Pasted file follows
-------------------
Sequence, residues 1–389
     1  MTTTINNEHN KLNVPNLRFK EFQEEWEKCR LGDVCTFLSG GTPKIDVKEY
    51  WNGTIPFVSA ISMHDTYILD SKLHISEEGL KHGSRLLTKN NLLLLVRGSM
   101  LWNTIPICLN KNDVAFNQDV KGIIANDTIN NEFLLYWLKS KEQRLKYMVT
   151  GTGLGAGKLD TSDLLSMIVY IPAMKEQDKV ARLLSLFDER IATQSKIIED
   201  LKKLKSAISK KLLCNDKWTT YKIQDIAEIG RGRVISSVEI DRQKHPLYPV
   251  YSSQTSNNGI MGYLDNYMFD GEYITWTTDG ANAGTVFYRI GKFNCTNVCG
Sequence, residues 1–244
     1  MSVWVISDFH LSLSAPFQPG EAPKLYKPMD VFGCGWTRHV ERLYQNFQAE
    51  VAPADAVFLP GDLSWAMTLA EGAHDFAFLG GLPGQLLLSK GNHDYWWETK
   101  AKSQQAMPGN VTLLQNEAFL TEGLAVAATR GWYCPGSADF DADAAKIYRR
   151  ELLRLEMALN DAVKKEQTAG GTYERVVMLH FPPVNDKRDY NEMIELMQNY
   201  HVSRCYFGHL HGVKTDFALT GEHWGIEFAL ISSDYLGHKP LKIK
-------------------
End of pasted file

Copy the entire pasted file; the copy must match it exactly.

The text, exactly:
Sequence, residues 1–389
     1  MTTTINNEHN KLNVPNLRFK EFQEEWEKCR LGDVCTFLSG GTPKIDVKEY
    51  WNGTIPFVSA ISMHDTYILD SKLHISEEGL KHGSRLLTKN NLLLLVRGSM
   101  LWNTIPICLN KNDVAFNQDV KGIIANDTIN NEFLLYWLKS KEQRLKYMVT
   151  GTGLGAGKLD TSDLLSMIVY IPAMKEQDKV ARLLSLFDER IATQSKIIED
   201  LKKLKSAISK KLLCNDKWTT YKIQDIAEIG RGRVISSVEI DRQKHPLYPV
   251  YSSQTSNNGI MGYLDNYMFD GEYITWTTDG ANAGTVFYRI GKFNCTNVCG
Sequence, residues 1–244
     1  MSVWVISDFH LSLSAPFQPG EAPKLYKPMD VFGCGWTRHV ERLYQNFQAE
    51  VAPADAVFLP GDLSWAMTLA EGAHDFAFLG GLPGQLLLSK GNHDYWWETK
   101  AKSQQAMPGN VTLLQNEAFL TEGLAVAATR GWYCPGSADF DADAAKIYRR
   151  ELLRLEMALN DAVKKEQTAG GTYERVVMLH FPPVNDKRDY NEMIELMQNY
   201  HVSRCYFGHL HGVKTDFALT GEHWGIEFAL ISSDYLGHKP LKIK